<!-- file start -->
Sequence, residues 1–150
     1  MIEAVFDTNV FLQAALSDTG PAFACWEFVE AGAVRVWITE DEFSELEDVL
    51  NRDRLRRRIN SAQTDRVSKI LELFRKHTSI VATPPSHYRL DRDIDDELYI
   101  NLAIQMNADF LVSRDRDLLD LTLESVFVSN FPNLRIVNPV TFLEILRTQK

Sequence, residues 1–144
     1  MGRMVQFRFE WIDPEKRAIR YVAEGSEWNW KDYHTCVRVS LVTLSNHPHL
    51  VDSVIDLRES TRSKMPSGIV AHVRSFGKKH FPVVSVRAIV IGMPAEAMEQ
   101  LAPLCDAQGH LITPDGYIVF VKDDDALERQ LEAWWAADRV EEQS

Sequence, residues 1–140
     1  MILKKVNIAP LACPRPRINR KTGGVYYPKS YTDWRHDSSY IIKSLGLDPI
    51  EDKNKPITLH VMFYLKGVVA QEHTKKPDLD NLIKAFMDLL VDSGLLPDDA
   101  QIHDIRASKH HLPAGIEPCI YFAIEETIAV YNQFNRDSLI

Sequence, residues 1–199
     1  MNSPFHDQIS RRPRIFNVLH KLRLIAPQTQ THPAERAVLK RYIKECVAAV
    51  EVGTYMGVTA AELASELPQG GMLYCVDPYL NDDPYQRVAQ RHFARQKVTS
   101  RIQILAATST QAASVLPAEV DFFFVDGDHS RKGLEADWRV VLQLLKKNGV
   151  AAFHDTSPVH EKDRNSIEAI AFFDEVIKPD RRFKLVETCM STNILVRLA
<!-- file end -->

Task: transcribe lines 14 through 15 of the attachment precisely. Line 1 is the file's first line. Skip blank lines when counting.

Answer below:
     1  MNSPFHDQIS RRPRIFNVLH KLRLIAPQTQ THPAERAVLK RYIKECVAAV
    51  EVGTYMGVTA AELASELPQG GMLYCVDPYL NDDPYQRVAQ RHFARQKVTS